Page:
The Food and Drug Law Institute's ("FDLI") Update Magazine just published our article addressing the FTC's proposed regulations on green marketing: "New Green Guides Lay Out Rules for Environmental Marketing," available here. Authored by Ken Odza, Anne Glazer, and Joseph Eckhardt, the article reviews the scope of the new proposed Green Guides and describes best practices to avoid challenges to green marketing claims.
Just a few weeks after the Federal Trade Commission unveiled its proposed new Green Guides for public comment, environmental consulting firm TerraChoice chimes in with its 2010 report, “Sins of Greenwashing – Home and Family Edition.” In our increasingly green economy, TerraChoice makes a couple unsurprising, if not disappointing, findings. First, using the same survey sample of 24 retailers located in Canada and the United States, TerraChoice found green claims on 4,744 products in 2010, compared to 2,739 in 2009. Clearly, the tidal wave of green marketing in our economy is still on the rise. Second, based on the “seven sins” of misleading green marketing claims defined by the firm, 95% of the green products it examined made some form of false or misleading environmental claim.
The TerraChoice report offers several other interesting insights. TerraChoice found that big box stores do a substantially better job than other retailers when it comes to putting more green products on the shelves, and big box stores do a better job of finding and selling products that are backed up with bona fide green claims. Another interesting finding addresses the problem of false and bogus green certification labels. TerraChoice notes that roughly a third of the greenwashing sins were based on false certifications. TerraChoice even found meaningless certification marks for sale on the internet, including one titled “Green – Certified Environmentally Conscious,” which TerraChoice claims can be licensed by any interested manufacturer or retailer for only $15.
TerraChoice has made a name for itself over the past few years issuing annual “Greenwashing” reports that identify false and misleading green claims on consumer products. TerraChoice is of course not a government agency, but it bases its “seven sins of greenwashing” on the FTC’s Green Guides, rules issued by the Competition Bureau of Canada, and the International Standards Organization (ISO) standard for environmental marketing, ISO Standard 14021. TerraChoice administrates the “Ecologo” program, which was originally developed by the Canadian government, and in August of this year the firm was acquired by Underwriters Laboratories, which offers its own “UL Environment” certification program.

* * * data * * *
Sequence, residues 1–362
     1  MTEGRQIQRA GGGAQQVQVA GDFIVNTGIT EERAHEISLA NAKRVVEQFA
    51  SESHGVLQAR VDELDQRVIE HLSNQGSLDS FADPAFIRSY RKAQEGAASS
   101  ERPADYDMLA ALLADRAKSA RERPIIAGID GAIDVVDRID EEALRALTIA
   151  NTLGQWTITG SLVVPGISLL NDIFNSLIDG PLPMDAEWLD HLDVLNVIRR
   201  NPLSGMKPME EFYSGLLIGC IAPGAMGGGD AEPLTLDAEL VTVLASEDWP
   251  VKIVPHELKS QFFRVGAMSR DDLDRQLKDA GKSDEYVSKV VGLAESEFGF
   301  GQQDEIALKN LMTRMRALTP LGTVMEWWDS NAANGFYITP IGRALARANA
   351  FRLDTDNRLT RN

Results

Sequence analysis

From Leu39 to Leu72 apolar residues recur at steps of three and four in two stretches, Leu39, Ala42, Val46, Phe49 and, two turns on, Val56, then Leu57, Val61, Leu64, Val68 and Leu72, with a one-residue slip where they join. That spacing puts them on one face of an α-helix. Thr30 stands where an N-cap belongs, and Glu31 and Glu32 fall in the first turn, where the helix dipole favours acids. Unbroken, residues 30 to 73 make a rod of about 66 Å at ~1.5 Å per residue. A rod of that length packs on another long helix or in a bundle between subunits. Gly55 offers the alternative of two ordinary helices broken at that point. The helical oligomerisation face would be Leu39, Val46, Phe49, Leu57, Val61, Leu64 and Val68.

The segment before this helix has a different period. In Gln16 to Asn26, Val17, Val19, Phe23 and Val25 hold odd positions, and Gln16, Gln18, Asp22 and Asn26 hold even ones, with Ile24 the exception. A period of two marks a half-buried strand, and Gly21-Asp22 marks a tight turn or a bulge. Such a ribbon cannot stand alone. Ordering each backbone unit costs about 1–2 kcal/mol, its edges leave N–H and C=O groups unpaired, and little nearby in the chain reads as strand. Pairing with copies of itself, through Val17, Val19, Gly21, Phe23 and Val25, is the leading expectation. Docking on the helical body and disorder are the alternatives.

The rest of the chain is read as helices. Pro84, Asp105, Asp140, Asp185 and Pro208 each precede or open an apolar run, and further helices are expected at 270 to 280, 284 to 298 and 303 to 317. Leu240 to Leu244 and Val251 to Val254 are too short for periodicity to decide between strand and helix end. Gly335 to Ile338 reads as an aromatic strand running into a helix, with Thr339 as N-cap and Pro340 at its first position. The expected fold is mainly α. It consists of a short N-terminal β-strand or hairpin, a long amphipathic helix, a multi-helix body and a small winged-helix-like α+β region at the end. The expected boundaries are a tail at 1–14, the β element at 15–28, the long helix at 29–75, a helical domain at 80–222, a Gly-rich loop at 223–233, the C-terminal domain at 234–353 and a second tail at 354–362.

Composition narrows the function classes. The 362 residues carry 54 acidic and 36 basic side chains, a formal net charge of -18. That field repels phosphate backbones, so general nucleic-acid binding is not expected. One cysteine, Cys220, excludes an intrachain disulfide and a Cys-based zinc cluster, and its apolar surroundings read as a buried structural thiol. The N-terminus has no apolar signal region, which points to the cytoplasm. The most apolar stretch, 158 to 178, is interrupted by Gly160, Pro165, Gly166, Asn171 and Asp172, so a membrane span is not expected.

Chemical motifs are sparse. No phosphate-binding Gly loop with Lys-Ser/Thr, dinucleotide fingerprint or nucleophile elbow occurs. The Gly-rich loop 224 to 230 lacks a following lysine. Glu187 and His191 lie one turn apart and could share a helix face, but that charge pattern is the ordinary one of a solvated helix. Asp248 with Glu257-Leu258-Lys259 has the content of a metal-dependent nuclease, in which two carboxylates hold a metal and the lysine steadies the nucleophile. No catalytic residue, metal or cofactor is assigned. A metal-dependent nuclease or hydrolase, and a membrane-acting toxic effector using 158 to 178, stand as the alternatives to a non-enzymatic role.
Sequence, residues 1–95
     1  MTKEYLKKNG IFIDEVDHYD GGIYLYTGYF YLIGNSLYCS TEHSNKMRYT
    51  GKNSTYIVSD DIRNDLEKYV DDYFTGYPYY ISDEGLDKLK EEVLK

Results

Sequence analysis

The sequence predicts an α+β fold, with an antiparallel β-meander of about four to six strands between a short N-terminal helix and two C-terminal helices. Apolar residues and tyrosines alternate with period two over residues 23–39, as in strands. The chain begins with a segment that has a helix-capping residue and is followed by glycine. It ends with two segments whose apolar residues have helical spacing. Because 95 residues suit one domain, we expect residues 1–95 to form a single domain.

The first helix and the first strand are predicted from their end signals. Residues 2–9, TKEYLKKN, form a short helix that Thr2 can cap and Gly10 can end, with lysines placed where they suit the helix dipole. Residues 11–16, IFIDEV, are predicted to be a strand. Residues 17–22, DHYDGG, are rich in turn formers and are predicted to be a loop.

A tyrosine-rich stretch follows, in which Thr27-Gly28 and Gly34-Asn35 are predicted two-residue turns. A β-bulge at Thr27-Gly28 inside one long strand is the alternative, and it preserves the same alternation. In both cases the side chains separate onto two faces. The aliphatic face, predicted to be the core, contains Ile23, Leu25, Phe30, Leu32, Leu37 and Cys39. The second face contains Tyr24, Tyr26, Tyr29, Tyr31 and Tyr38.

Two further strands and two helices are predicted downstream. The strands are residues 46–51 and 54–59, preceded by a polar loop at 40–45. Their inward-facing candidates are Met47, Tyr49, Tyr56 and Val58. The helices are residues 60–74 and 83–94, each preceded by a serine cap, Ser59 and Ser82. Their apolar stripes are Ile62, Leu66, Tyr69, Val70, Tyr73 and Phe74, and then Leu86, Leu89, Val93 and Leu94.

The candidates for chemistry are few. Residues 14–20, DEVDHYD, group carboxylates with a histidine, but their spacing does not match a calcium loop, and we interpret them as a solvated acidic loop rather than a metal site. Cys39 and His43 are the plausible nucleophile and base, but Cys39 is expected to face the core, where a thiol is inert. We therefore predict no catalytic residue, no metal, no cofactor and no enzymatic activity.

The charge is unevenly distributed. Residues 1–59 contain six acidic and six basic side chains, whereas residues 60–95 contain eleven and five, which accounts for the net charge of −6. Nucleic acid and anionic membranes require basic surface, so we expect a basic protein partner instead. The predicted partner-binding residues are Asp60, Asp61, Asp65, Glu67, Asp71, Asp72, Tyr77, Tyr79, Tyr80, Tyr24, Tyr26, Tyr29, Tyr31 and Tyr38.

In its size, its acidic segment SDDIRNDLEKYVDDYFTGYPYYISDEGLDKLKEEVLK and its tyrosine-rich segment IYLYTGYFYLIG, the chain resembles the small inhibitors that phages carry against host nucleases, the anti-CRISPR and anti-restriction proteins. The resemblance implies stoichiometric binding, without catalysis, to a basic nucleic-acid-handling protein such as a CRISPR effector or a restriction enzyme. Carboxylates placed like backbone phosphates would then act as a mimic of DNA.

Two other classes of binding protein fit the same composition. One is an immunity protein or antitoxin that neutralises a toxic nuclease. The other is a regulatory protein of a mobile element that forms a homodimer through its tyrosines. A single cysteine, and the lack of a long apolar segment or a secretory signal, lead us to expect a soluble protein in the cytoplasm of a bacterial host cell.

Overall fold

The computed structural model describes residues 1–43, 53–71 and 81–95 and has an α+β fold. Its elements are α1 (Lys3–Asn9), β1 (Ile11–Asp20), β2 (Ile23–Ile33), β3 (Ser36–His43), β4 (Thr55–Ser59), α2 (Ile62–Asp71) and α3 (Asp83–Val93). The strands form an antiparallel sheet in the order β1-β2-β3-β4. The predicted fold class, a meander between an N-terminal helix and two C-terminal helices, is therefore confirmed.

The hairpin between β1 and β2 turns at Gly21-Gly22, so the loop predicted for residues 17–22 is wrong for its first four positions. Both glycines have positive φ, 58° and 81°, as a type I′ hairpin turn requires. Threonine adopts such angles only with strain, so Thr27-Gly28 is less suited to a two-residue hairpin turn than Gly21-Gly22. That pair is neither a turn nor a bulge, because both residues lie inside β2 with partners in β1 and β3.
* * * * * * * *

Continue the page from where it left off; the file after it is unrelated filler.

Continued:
TerraChoice is certainly not a disinterested party in the green labeling game. The organization has a financial interest in selling its consulting services and in the success of the Ecologo and UL Environment certification programs. Given this bias, it’s probably safe to say that not all of the products that TerraChoice finds guilty of greenwashing (95% of all reviewed products) could be successfully challenged by the FTC, state attorneys general, or consumers. That said, the 2010 report is a good indicator of the greenwashing problem that pervades environmental marketing today. More importantly, the efforts of TerraChoice, as well as regulators like the FTC and interested consumer groups, demonstrate that interested stakeholders take green marketing claims very seriously – unlike many other marketing messages, which are tolerated as mere “puffery.” The growth of green marketing claims may be rapid, but scrutiny and regulation of such claims appear to be catching up.
Following several years of development, and much anticipation in recent months, the Federal Trade Commission has finally released “Proposed, Revised Green Guides.” The new Green Guides will be open for public comment until December 10, 2010. Thereafter, according to the agency’s press release, the FTC will determine if and how to issue the new Guides.
The current official Green Guides, last updated in 1998, provide non-binding “interpretations” of federal consumer protection laws, including Section 5 of the FTC Act (15 U.S.C. § 45), which is the law that empowers the agency to punish deceptive practices. In general, the Guides establish that false or deceptive environmental marketing claims can be challenged under the FTC Act. The Green Guides also provide instruction and interpretations of marketing buzz words that were popular in 1998, such as “biodegradable,” “compostable,” “recyclable,” “refillable,” and “ozone safe.”
The proposed new Green Guides address the terms found in the 1998 edition, but also address several new issues that arise in present-day green marketing, including:
- environmental seals of approval,
- “free-of” and “non-toxic” claims,
- carbon offsets,
- claims concerning renewable energy, and
- claims about renewable materials.
The proposed Green Guides reinforce and restate the FTC’s reasonable policy position that environmental marketing claims should be supported by credible scientific evidence. In addition, the proposed Guides expressly discourage sweeping unqualified claims. For example, the Guides explain that an unqualified claim that a product is “eco-friendly” is inherently deceptive. In contrast, a simple clarification – if it can be substantiated – may be acceptable. The proposed Guides state that a claim such as “eco-friendly: made with recycled materials” is not deceptive if the clarification is prominent, and can be proven.